Re: [obscurity-interest] [ietf-privacy] wrt tcpcrypt and obscrypt

bmanning@vacation.karoshi.com Sun, 17 April 2011 00:52 UTC

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Date: Wed, 13 Apr 2011 08:59:36 +0000
From: bmanning@vacation.karoshi.com
To: Dean Willis <dean.willis@softarmor.com>
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Cc: ietf-privacy@ietf.org, bmanning@vacation.karoshi.com, obscurity-interest@ietf.org
Subject: Re: [obscurity-interest] [ietf-privacy] wrt tcpcrypt and obscrypt
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On Tue, Apr 12, 2011 at 11:58:14PM -0500, Dean Willis wrote:
> 
> On Apr 12, 2011, at 12:16 PM, bmanning@vacation.karoshi.com wrote:
> > 
> > 
> > I don't think it is a trivial matter to have the IETF working on confidentiality & privacy by mandating strong
> > encryption in Internet (global) standards.  I suspect the intersection of national laws and  technical standards
> > is going to be a difficult road to walk, esp if there is a desire for a global standard.
> > 
> 
> We should perhaps focus on publishing technically correct standards with as few security flaws and weaknesses as we can manage. Trying to decide whether the specification can be legally implemented in Jurisdiction X, Y, Z, and so on is an impossibly large problem.

	no problem with that... however - at least in the US and as a US national, I don't think I can
	(with out filing forms and getting permission -ahead- of time) work on confidentiality/privacy, 
	techniques in an open forum.  and I am pretty sure that other sovreigns have the same issues.

	DNSSEC avoided this problem by explicitly not supporting confidentiality.  Thats the only way
	it made it past export (from the US) and import (into other places).

> In fact, it's possible to have conflicting legal imperatives: for example, European laws on privacy protection might well conflict with Asian or North American laws on interceptibility. I'm expecting IMAP/SSL and SMTP/TLS to become illegal in India any day now, at least when used between mobiles within the country and servers outside the country. But I don't think we'll respond by deprecating either specification. If India wants to ban VPNs, they can do that too. But at least the users will know that their privacy is at-risk and economic pressures can be brought (what multinational would put up with this?) to end the ban.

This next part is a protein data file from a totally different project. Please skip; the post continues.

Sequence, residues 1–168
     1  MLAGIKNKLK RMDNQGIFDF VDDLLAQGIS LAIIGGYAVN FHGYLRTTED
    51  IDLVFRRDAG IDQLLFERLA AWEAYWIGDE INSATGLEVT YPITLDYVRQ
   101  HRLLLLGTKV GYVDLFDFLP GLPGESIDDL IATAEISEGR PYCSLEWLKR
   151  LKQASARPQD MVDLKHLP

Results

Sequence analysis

its not just the code, its illegal to share work on some of these topics in some venues.
	this is a topic that -REALLY- needs to have the ISOC/IETF legal team look at closely before
	we engineers go off half-cocked and get ourselves, our employers, and the IETF into international
	legal trouble.

	an modicum of prudence would not be amiss here.  (and for a brief nostalgic note - the Danvers IETF
	plenary was a mtg not to be missed)

> But if we deliberately design security weaknesses into protocols (or continue to tolerate and maintain known problems for which we have a solution), we're arguably negligently responsible for a whole lot of problems.

	yes.  if you think that lack of confidentiality is a weakness, then you might be right.
	in an ideal world, where strong crypto - used for confidentiality was acceptable w/o 
	restriction in every country in the world - we would still end up with the "arms" race of 
	keeping up with larger salts, new algorithms, and backward compatabilities...  

	can we move that fast and -NOT- have a long tail to drag around?  I've not seen it done.

/bill

> 
> --
> Dean Willis
>